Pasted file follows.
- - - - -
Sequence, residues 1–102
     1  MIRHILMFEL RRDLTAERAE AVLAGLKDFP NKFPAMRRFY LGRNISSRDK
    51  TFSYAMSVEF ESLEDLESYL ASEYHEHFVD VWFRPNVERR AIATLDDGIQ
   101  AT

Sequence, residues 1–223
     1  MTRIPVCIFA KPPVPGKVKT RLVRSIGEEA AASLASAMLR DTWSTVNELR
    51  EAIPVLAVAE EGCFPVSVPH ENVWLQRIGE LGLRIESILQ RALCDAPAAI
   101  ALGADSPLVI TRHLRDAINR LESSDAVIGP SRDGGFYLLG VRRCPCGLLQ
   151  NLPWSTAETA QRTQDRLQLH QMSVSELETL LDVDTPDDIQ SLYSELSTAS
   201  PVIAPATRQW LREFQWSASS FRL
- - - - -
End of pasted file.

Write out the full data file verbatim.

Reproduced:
Sequence, residues 1–102
     1  MIRHILMFEL RRDLTAERAE AVLAGLKDFP NKFPAMRRFY LGRNISSRDK
    51  TFSYAMSVEF ESLEDLESYL ASEYHEHFVD VWFRPNVERR AIATLDDGIQ
   101  AT

Sequence, residues 1–223
     1  MTRIPVCIFA KPPVPGKVKT RLVRSIGEEA AASLASAMLR DTWSTVNELR
    51  EAIPVLAVAE EGCFPVSVPH ENVWLQRIGE LGLRIESILQ RALCDAPAAI
   101  ALGADSPLVI TRHLRDAINR LESSDAVIGP SRDGGFYLLG VRRCPCGLLQ
   151  NLPWSTAETA QRTQDRLQLH QMSVSELETL LDVDTPDDIQ SLYSELSTAS
   201  PVIAPATRQW LREFQWSASS FRL